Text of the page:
In the last week I have recommended a multi-vitamin to a couple of customers who replied “that is a waste of money”.
When I asked them what had brought them to that conclusion... neither could articulate why they had that opinion. “Something I read somewhere”. And I don’t blame them!
The truth about multi-vitamin and multi-mineral supplementation is complex... to say the least!
So... should you take a multi-vitamin?
First, let’s address what vitamins and minerals ACTUAL do (whether consumed in foods or supplementation).
“The known biological functions of vitamins and nutritionally-essential minerals are to maintain normal cell function, metabolism, growth and development, through their roles as essential cofactors in hundreds of enzyme reactions and other biological processes”... they are NOT to prevent or treat chronic disease.
People who benefit the most from a multi vitamin are at risk populations. The elderly, low income, pregnant and people with certain diseases (celiac)... all these demographics have statistically high instances of malnourishment.
But at risk populations are not the only ones who can benefit from vitamin supplementation. Also those following a restrictive diet such as Keto, Paleo, Vegan, and Gluten free.
Many people who follow these diets are unaware of the nutrient deficiencies certain restrictive diets can cause. One of the ladies I was talking to last week told me she was vegan... I asked her if she was taking a multi vitamin and if she liked/was currently eating pumpkin seeds... her reply was no to both. Knowing that vegan diets typically lead to deficiencies in Zinc (pumpkin seeds), Calcium and B12 (which has to be supplemented)... I recommended a multi-vitamin to cover all these bases. I also recommended increase the amount of spinach she was eating for the iron content.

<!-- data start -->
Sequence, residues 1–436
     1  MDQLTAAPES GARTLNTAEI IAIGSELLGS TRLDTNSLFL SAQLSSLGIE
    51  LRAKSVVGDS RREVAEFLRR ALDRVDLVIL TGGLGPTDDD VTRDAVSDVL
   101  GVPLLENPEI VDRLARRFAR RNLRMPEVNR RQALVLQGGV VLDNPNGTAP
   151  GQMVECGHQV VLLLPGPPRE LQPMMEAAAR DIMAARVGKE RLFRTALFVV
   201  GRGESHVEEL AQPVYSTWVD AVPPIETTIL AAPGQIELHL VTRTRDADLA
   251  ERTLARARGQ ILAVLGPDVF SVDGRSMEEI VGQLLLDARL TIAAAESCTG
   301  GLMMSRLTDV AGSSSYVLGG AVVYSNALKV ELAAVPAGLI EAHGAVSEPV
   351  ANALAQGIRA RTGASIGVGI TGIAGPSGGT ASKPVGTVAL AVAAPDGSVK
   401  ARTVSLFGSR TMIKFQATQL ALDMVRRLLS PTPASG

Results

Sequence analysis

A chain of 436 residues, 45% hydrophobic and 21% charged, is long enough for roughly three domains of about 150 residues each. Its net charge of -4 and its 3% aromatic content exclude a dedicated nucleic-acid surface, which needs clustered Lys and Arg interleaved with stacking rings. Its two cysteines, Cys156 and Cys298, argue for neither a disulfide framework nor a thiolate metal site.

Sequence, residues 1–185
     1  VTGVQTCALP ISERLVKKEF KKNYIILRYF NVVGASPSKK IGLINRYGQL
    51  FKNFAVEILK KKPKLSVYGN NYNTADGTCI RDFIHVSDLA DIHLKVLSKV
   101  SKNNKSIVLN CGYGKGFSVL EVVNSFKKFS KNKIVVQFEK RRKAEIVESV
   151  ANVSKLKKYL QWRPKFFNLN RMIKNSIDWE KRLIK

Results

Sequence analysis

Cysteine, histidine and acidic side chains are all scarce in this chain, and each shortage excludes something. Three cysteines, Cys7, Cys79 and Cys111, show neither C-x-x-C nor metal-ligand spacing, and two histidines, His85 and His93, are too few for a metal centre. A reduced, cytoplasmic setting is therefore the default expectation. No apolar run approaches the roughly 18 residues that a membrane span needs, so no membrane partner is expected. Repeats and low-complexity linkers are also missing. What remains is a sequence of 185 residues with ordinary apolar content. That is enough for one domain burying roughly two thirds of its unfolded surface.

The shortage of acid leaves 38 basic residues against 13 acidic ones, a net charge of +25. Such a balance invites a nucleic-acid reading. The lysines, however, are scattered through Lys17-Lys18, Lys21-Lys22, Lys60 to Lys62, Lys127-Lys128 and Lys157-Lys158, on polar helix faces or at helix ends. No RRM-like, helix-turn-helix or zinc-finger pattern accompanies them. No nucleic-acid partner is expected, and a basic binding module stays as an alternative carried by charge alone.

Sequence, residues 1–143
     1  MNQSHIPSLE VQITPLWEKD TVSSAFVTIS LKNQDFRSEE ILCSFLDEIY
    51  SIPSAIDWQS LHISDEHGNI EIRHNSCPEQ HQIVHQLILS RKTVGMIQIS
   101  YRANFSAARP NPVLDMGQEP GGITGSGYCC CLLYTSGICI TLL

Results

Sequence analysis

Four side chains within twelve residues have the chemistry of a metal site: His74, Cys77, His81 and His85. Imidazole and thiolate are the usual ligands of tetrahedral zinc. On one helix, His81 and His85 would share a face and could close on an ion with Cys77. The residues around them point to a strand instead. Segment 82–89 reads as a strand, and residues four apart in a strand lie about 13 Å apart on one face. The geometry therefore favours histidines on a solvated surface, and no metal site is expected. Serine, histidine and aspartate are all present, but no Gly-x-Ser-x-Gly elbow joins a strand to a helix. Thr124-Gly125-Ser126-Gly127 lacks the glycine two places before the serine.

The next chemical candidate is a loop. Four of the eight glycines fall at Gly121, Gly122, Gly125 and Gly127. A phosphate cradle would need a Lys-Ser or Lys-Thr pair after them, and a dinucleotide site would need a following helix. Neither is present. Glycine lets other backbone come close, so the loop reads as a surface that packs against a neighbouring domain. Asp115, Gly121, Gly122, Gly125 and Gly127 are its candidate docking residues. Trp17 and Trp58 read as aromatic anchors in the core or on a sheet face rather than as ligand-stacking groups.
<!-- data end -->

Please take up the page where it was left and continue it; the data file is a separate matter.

But what about the average person? Do they need a multivitamin?
Well... obesity is at 40% in America. That statistic is not because we are eating MORE nutrient rich foods. It is estimated that 80% of Americans do not eat the RDA of fruits and vegetables everyday. Fruits and veggies have many different phyto-chemicals and fiber which play a role in health outside of vitamin and mineral deficiency. So I am in no way saying, “just take a pill and your fine!”
If you are taking a multivitamin with the intentions of it increasing longevity... the current data does not seem to support that they help with cardiovascular diseases or other life threatening illnesses. There are certain studies that show that they MIGHT* help with certain cancers. If you are interested in research backed supplements that help with maintain a healthy cardiovascular system, look into vitamin K-2 MK7 and Ubiqinol!
“But I read a study that said...”
Population studies on multivitamins can be extremely conflicting/confusing. The main reason behind this... multivitamin quality/absorption/usefulness vary GREATLY. Also the American diet varies GREATLY from person to person.
In 2016 Americans spent 5.7 billion dollars on multivitamins... the majority coming from big box stores like Walmart. The majority of “value” multivitamins are what’s called high heat emulsified or covered in a wax coating. Both of these practices prolong shelf life and save $ during manufacturing. BUT they can also lead to incomplete disintegration after ingestion. “Bed pan bullets”. The vast majority of multivitamins taken in America are these Centrum types.
This makes most people who “take a multivitamin” unaware that what they are taking something that their body isn’t able to use or fully use. Also different forms of vitamins and minerals have different biological availabilities. For example Magnesium Oxide can have 30% or lower bioavailability while Magnesium Amino Acid Chelate can have 80% bioavailability.
With all the this information… It can seem like an impossible decision to make! But to sum things up…
-Have a diet lacking in nutrients (fruits and veggies)
-Want to perform better
-Are on a restrictive diet
It’d be beneficial to take a capsulated multi-vitamin!
Stipanuk MH, Caudill, MA (eds) Biochemical, Physiological, and Molecular Aspects of Human Nutrition, 3rd Edition 2013; Elsevier Saunders, St. Louis, MI
Comparative Intestinal Absorption and Subsequent Metabolism of Metal Amino Acid Chelates and Inorganic Metal Salts. H. DeWayne Ashmead. Biological Trace Element Research. December 26, 1991, 306-319